Australian leadership in SD-WAN
Davin Gibb, Cisco’s enterprise routing sales leader in the Asia Pacific market, answers questions on the Australian status of SD-WAN
How does the state of the SD-WAN market in Australia compare to others in the APAC region?
Australian corporations have traditionally been on the forefront of technology adoption as it relates to business benefits, and the adoption of SD-WAN and future state SD-Branch architectures are no exception. In the context of APAC, Australia continues to be a leader within the region, through its pace of change and agility to adopt new technologies.
Australia remains a large and unique opportunity for organisations looking to accelerate and derive more value out of their WAN environment due to its relatively sparse land population and geographical size.
What unique challenges do you find that enterprises with large footprints in Australia are facing?
There is certainly a mix of common challenges and then challenges unique to the market and/or vertical. However, there would be three common challenges that have arisen based on the position Australian organisations are in.
Visibility – Australian organisations have been world leaders per capita in adoption and implementation of cloud-based solutions and assets. Some of this has been deliberate and visible to IT departments, some has not. The need for IT organisations to understand the current application performance, and locations are critical for maintaining a quality application experience.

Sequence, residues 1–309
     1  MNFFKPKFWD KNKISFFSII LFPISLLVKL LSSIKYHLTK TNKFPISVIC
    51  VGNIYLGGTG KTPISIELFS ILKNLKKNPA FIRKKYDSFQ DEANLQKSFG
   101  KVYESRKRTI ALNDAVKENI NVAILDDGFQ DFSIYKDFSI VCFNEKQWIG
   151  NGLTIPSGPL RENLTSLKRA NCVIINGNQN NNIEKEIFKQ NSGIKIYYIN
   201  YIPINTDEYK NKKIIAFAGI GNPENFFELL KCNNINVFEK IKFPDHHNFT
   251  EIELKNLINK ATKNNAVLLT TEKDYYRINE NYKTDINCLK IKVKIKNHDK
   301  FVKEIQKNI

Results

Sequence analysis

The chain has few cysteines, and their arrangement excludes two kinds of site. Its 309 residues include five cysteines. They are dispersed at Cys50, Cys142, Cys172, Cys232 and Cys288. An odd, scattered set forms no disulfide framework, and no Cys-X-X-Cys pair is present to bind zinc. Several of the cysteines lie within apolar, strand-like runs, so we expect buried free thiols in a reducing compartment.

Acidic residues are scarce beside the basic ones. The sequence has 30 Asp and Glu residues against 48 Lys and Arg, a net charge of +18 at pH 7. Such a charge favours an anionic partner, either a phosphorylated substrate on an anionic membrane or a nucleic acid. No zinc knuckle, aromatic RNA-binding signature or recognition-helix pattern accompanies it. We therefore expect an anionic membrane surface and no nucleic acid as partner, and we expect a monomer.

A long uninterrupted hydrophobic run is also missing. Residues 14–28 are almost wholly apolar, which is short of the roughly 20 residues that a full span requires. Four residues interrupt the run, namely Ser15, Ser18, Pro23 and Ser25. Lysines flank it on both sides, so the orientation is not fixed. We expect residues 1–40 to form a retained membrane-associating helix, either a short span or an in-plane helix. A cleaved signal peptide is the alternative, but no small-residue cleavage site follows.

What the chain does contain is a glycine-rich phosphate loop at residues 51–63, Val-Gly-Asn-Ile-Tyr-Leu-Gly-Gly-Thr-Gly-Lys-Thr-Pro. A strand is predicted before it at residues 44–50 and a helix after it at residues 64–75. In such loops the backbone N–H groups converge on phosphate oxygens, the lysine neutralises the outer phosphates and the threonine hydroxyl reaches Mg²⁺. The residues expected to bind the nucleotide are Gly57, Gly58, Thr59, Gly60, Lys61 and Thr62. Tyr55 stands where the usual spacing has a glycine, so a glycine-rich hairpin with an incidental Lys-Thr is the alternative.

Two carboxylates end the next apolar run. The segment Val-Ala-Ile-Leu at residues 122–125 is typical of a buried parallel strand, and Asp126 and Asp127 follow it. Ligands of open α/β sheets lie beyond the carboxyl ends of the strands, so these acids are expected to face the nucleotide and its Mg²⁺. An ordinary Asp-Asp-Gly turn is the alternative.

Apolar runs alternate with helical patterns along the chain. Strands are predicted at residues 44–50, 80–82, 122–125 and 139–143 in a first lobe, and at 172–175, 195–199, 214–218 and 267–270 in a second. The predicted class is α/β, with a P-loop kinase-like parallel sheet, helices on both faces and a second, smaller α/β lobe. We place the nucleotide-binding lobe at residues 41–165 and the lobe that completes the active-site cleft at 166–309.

Operational efficiency – Given Australia’s higher costs of labour and services within the APAC region, any solution that changes the operating model through automation across all aspects of the lifecycle of a WAN architecture resonates. SD-WAN also allows more efficient use of last-mile bandwidth by seamlessly allowing for the most efficient exit path, thereby empowering an organisation to make clear business decisions on the criticality of the application and the priority of link it should mandate.
Security – Concerns regarding security and integrity are certainly not unique to Australian businesses, but the Australian workforce is highly mobile, and continues to lead progressive employer terms around remote working and teleworking. This has put the concerns of data and data loss prevention top of mind, especially due to the digital transformations and cloud adoption agendas that all organisations are embarking on.
What are the most common misconceptions that you still encounter with end users when it comes to SD-WAN?
SD-WAN and related SD-Branch solutions are in rapid development and innovation, and to assume that any portfolio is static in its value offering is a common misconception. New features and technology are constantly being released which builds upon previous SD-WAN value pillars and enables organisations to extend efficiencies, performance, security and visibility.
Education and awareness of the value that SD-WAN offers organisations are still needed, as a lot of headlining content has made the customer base aware of potential savings in telco expenditure, but hasn’t communicated effectively the opportunity of operational efficiency, visibility and security far beyond a singular cost metric.